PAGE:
It was a Tuesday. I was hired to give a 90 minute keynote for 350 people at a sales kickoff. Sound check was scheduled for 7 a.m., and at 9 a.m. I'd take the stage. However, within moments of turning off the hotel alarm clock, it was clear something was very, very wrong. Despite begging the speaking gods for mercy, I was forced to accept every presenter's worst nightmare.

I had the stomach flu.

Public speaking can be terrifying even when all goes as planned. But what do you do when things go wrong?

Here are the 5.5 steps I used to survive a public speaking disaster, and should you end up sick the morning of an important talk, you can use this as well.

Step 1: Set a Hard Procrastination Deadline

You're a procrastinator. I get it. I am, too. I notoriously wake up extra-early the morning of the presentation to put on the finishing touches. Unfortunately, this strategy leaves speakers extremely vulnerable to the unexpected. Alarm-malfunctions, traffic, random-3 hour-automated-software-updates... procrastinating until the last minute gives Murphy's Law far too many options.

Instead, set a hard deadline to have everything complete the night before. Every handout printed, every 'i' dotted, every graph inserted. This strategy saved me that morning. Though I was a wreck, my presentation was ready and waiting.

Step 2: Think Fast, Think Clear

When your public speaking nightmare comes true, the worst thing to do is sleepwalk through it or let panic paralyze you. Wake up, act quickly and you might be able to save the situation.

After sound check, I raced to an urgent care. With T-minus one hour, I saw a doctor, got anti-nausea meds and was back on site in moderately stable condition with time to spare.

Step 3: Have a Backup Plan

There are some disasters you can't anticipate until you're in the moment; but some you can. Have a jump drive in case your computer fails. If you have to travel to the event and the flight is canceled, have a virtual meeting solution. If you have a high tendency for spilling on yourself, keep an extra shirt or dress in your car.

Once I was back on site, we made a backup plan. The AV crew set up a trash can off stage (gross, I know) and agreed that if I moved toward the curtain at any point, they were to cut the audio from my lapel mic. It wouldn't be pretty, but we were prepared.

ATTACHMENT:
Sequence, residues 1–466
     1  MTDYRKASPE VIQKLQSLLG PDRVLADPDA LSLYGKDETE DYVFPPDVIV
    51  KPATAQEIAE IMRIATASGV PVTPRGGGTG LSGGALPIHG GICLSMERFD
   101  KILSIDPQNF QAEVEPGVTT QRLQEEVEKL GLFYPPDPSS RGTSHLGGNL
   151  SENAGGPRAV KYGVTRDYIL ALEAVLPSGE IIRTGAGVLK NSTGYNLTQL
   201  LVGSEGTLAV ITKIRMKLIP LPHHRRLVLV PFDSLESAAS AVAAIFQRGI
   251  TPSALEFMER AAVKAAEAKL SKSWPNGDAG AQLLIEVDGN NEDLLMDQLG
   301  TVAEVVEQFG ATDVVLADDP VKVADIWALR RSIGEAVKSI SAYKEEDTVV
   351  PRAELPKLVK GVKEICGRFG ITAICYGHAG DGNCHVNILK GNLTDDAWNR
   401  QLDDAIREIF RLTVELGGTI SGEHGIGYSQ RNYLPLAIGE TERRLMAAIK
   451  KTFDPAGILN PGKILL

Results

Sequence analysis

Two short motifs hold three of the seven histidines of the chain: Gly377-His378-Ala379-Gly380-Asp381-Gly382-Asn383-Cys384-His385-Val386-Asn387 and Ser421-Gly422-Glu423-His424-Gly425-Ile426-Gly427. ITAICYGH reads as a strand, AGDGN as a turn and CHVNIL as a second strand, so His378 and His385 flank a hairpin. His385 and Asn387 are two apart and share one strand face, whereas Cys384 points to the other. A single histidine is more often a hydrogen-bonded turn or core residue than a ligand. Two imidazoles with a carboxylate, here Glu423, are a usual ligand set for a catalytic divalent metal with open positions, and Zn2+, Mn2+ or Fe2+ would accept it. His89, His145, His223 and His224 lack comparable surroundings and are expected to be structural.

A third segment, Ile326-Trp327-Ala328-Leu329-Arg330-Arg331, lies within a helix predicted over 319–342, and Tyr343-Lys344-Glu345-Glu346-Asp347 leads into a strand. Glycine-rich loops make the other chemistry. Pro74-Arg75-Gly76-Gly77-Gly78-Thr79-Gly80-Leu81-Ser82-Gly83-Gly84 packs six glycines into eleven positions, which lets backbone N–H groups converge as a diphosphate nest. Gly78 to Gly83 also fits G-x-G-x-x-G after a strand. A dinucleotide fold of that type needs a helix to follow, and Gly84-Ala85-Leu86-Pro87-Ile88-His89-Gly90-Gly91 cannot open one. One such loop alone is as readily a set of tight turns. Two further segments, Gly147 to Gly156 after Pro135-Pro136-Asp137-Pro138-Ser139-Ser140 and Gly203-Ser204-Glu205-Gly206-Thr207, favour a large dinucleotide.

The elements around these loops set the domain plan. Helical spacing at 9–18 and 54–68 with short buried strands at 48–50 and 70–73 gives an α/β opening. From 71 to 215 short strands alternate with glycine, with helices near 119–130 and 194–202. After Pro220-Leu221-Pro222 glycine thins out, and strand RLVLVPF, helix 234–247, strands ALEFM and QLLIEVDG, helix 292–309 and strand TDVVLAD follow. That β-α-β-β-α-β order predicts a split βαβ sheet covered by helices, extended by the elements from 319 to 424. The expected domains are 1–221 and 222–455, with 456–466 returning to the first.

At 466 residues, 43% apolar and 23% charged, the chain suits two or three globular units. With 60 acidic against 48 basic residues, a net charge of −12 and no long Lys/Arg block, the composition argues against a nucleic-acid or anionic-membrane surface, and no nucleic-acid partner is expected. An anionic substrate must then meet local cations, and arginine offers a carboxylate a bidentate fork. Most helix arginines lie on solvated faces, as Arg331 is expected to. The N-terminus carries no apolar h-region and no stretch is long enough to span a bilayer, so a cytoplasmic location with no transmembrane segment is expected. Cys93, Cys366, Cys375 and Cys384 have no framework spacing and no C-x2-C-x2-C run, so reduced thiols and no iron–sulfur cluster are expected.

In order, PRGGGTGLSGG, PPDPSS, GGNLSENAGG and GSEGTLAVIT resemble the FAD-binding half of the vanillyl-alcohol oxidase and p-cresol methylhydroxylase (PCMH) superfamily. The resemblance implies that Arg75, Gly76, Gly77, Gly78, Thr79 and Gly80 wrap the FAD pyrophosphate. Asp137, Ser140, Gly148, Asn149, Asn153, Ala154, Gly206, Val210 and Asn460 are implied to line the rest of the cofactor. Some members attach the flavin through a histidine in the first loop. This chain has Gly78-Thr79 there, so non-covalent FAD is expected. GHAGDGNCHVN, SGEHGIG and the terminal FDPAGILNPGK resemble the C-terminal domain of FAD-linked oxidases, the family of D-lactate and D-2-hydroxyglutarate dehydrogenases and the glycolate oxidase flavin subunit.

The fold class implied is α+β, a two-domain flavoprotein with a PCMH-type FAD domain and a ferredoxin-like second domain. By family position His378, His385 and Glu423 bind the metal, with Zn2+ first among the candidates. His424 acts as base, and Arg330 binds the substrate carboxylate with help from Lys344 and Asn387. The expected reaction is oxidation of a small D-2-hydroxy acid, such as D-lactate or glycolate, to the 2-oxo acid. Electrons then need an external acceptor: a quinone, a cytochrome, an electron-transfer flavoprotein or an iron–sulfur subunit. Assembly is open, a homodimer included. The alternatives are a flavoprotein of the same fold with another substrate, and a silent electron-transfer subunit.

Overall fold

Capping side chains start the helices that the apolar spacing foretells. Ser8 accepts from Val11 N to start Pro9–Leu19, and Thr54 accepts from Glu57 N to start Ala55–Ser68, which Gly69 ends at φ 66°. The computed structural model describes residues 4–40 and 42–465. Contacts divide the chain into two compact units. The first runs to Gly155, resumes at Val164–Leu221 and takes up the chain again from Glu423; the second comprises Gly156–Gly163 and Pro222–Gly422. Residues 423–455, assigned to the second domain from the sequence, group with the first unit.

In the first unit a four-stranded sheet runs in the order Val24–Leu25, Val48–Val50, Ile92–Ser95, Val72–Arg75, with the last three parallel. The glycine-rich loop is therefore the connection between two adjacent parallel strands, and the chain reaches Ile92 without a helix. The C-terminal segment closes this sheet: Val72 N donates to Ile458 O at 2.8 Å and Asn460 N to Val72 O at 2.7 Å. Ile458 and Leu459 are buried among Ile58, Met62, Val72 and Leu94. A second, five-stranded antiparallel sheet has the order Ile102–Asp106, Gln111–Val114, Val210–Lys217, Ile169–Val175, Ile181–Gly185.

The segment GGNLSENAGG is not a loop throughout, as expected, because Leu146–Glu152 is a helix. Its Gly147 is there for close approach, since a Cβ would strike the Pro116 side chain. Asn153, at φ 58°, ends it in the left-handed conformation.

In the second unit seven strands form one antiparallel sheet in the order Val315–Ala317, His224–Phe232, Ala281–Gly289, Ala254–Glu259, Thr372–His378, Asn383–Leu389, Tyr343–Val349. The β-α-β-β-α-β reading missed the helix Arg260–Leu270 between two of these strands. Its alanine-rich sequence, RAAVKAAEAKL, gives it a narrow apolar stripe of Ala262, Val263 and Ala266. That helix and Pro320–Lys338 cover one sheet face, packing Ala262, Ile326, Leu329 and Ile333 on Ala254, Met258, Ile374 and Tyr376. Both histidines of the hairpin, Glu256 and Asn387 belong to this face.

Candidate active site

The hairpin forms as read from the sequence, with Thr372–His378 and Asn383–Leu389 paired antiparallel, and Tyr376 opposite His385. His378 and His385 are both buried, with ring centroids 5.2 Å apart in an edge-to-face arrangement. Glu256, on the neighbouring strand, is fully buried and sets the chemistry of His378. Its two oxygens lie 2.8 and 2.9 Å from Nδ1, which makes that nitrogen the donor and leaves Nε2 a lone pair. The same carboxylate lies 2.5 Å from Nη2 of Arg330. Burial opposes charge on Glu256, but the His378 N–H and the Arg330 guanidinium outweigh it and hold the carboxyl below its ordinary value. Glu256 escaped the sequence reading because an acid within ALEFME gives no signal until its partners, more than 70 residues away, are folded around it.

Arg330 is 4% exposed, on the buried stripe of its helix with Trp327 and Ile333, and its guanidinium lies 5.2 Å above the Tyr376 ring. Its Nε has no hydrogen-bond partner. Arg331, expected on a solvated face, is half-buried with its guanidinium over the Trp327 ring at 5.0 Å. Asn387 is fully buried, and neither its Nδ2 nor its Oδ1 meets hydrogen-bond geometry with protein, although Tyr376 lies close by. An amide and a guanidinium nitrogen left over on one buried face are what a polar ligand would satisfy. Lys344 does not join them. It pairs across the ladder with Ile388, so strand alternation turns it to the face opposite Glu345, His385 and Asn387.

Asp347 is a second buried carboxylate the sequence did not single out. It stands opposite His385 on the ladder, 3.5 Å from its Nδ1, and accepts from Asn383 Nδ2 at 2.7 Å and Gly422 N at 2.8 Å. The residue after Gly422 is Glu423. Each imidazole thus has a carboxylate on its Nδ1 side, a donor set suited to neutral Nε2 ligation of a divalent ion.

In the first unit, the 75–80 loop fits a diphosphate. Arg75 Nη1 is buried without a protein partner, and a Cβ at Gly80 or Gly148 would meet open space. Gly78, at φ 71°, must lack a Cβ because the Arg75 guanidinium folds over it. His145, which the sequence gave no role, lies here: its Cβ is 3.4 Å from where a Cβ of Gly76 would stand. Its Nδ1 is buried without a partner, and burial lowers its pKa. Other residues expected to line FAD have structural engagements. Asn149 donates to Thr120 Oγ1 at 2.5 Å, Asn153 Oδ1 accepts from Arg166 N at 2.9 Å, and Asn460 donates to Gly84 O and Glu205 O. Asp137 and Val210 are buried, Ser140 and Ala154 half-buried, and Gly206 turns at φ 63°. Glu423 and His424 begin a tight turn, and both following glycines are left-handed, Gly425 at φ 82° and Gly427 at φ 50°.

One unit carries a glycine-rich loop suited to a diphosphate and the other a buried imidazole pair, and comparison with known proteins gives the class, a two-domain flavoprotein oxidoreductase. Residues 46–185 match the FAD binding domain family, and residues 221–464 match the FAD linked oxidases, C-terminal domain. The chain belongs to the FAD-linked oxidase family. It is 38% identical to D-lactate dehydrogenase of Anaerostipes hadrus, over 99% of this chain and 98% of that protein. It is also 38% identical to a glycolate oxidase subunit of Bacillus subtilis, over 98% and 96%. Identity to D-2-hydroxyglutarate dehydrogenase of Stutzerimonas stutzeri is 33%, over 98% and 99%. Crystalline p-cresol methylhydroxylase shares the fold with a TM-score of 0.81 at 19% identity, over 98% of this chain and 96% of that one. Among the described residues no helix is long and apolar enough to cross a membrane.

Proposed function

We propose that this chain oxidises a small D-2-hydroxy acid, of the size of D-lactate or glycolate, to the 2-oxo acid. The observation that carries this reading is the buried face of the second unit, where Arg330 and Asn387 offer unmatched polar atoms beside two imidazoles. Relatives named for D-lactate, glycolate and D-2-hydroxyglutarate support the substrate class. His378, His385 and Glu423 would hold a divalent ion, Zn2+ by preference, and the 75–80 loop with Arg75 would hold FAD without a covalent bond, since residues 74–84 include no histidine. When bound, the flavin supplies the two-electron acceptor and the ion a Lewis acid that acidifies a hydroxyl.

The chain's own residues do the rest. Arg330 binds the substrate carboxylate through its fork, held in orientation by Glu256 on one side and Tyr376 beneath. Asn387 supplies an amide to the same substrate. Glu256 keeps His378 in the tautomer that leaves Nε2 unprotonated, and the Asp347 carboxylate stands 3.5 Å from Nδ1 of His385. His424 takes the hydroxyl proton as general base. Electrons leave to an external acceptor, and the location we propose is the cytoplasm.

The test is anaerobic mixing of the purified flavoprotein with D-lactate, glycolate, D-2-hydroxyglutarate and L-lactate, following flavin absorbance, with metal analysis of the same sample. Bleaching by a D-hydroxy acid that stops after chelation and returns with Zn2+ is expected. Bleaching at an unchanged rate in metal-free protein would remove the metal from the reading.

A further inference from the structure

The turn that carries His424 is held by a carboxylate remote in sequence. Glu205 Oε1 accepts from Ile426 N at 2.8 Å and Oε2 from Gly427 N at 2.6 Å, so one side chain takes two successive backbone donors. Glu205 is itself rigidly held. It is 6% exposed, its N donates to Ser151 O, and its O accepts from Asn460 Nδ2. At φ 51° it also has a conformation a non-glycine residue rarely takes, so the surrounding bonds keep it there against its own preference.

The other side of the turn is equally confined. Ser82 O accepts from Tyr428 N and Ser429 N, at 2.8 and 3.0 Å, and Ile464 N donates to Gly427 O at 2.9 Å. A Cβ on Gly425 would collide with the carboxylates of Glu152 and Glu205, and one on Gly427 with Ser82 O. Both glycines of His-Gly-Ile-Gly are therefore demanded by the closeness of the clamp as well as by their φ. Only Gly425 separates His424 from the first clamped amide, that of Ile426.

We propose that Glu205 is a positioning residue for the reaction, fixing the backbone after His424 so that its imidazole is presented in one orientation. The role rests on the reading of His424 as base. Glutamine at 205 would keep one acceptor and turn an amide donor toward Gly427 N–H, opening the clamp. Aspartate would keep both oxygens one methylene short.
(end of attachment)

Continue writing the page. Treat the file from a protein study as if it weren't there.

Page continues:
Step 4: Maintain a Strict Need-to-Know Policy

Your dog dies right before you speak. You're devastated. So when it's your time to talk, you start by apologizing in advance for your performance. That's acceptable, right?

Wrong.

Resist the instinct to disclaim the situation. Professionals maintain a strict Need-to-Know Policy. Tell only those whose immediate support is critical to your survival (the AV crew in Step #3). Let the rest of the audience know the whole story after you've killed it up there.

I'll admit, as I stepped in front of that room full of people I wanted more than anything to lower their expectations by revealing I was disastrously ill. It would have made me feel better, but at the attendee's expense; the audience would have been worried about me instead of listening to what I had to say.

Step 5: Embrace the Epic Story You'll Tell

At the end of the day, even if everything that could possibly go wrong with your presentation actually does... you will survive. And you'll have an amazing story. Not only one you can tell others, but one you can tell yourself. If you can survive that disaster, you can survive any presentation.

Step 5.5: Pretzels and Powerade are Lifesavers

Thankfully, I was able to deliver the keynote without incident. After all was said and done, I thanked the team who hired me and headed to the airport. As I waited to board my evening flight to Orlando, I received an email from the client--they were already requesting to hire me again. I smiled, cautiously nibbled a Rold Gold pretzel and sipped an orange Powerade hoping it would be enough fuel...

...Because at 8 a.m. the next morning I had a sound check and another 9 a.m. keynote to give.

I survived that one too.

Published on: Mar 22, 2017
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